Christine Nicholas was born in Lynn, Mass., an old mill town on the ocean, and grew up in Lynnfield, Mass., in the Boston area. She is the fifth of seven children in her family, and has three brothers and three sisters. She was the captain of her field hockey team in high school, loved skating on ponds behind her house in the winter, and was “kind of horse crazy.”
So, how did she become the first woman president of a 60-year-old law firm in Boise, Idaho?
Nicholas says she fell in love with the Stanley Basin on family summer vacation cross-country trips from Massachusetts to Twin Falls. And so, after getting a bachelor’s degree at the University of Massachusetts School of Business Administration, she decided she wanted to go to law school and wanted to move to Idaho. And the rest, as they say, is history.
Initially, she was unsure which direction she would take, but found she really enjoyed the “problem solving” part. “I knew pretty quick I did not want to be Perry Mason,” Nicholas says. “I wanted to be a business lawyer, help clients buy and sell businesses, to buy, sell and develop commercial real estate. I like to put things together,” she says. “I feel I partner with my clients to help them achieve their business goals.”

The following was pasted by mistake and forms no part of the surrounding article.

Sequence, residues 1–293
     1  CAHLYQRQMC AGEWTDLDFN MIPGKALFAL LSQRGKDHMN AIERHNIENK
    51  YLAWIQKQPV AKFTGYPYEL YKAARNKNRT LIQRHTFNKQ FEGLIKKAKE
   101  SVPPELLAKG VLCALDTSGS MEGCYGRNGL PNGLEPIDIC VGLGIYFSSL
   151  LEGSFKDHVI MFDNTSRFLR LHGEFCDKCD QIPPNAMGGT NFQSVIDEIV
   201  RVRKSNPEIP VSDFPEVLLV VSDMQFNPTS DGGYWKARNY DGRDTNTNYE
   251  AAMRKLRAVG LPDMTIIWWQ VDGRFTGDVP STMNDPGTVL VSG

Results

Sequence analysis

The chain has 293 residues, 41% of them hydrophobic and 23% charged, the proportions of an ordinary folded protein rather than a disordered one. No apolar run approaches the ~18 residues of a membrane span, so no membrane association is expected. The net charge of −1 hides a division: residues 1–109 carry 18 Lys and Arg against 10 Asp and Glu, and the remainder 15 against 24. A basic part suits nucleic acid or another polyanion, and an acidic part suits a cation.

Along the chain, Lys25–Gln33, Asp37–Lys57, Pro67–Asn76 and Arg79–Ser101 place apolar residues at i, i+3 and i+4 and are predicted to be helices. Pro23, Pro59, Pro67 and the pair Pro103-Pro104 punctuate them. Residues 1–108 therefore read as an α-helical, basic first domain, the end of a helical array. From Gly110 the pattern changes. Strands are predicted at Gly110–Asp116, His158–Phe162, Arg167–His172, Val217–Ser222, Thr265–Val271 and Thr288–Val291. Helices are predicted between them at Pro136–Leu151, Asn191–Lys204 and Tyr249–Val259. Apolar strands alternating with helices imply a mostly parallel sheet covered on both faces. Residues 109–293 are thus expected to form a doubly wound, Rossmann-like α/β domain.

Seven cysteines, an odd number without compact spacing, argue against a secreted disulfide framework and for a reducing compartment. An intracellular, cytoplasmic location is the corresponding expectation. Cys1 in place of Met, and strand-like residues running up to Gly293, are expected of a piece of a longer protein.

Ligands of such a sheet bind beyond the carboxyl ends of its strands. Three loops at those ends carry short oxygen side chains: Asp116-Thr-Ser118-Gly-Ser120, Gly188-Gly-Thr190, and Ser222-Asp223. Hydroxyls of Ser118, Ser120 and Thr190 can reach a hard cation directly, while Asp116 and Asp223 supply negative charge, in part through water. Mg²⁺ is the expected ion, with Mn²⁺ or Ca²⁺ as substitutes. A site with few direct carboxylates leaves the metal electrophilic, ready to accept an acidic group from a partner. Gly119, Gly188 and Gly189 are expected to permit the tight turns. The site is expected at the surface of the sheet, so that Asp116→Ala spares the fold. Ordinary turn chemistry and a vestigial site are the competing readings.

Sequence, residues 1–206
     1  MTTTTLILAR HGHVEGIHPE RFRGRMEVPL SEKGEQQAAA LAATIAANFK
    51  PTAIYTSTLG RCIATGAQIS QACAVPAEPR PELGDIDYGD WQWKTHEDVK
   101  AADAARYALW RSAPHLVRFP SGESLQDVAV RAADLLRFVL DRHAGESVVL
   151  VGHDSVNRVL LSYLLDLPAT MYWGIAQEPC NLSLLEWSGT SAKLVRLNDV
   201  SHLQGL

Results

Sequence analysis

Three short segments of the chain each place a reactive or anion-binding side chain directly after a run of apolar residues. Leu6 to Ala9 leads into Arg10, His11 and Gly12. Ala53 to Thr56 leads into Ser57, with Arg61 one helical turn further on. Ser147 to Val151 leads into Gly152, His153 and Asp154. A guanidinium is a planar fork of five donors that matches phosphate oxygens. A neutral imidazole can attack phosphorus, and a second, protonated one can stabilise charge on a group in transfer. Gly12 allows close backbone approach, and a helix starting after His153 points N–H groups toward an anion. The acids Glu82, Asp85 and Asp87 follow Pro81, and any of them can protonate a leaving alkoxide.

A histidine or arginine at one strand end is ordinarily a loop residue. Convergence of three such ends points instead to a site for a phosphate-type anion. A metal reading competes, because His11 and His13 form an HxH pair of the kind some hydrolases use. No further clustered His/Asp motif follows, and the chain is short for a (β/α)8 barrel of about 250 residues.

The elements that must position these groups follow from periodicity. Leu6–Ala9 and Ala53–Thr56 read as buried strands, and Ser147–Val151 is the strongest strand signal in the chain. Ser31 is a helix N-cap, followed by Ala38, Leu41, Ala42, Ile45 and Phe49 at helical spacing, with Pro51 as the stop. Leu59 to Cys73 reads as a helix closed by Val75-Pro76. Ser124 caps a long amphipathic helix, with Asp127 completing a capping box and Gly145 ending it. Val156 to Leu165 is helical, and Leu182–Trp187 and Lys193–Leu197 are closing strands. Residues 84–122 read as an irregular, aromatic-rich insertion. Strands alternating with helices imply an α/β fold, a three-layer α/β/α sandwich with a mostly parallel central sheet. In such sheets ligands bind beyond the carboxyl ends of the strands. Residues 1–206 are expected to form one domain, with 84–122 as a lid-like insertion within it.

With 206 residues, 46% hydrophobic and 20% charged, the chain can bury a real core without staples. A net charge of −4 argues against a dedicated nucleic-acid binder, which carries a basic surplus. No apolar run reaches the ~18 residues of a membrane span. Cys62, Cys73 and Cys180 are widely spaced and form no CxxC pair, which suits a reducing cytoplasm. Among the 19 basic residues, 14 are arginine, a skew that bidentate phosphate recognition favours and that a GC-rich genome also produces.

Nicholas says her personal philosophy of “do the right thing” has always been a guiding factor, and lists her parents as being the most important influences in her life. From her mother, she says she learned the value of putting others above self. And her father taught her the importance of self-discipline. She remembers going to her father after getting into a fight with her brothers. He told her: you should have had the self-discipline not to get involved. “I have found that self-discipline is an important trait to have,” Nicholas says.
In addition to her role as president at Moffatt Thomas, she says being named a Fellow in the American College of Real Estate Lawyers, being named a Fellow in the American College of Mortgage Attorneys, and getting the 2009 Burton Award for Legal Excellence have been her greatest accomplishments. Of the latter, she was doubly thrilled to receive the award at a Library of Congress ceremony featuring Supreme Court Justice Antonin Scalia.
In her spare time, Nicholas spends time with her husband of 32 years, Brian, and her two daughters, Rachel and Emily. She loves working with her horses – she has two Arabians – and hopes to be able to one day compete in a horse show. She is the designated “lawnmower of the family” and enjoys just “sitting on the back patio and contemplating the wind in the breeze.” She’s looking forward crossing off a bucket list item next summer when she goes on a rafting trip down the Middle Fork of the Salmon.
To view photos from the 2016 Leaders in Law networking reception and awards event Nov. 17, 2016, visit //www.idahobusinessreview.smugmug.com/.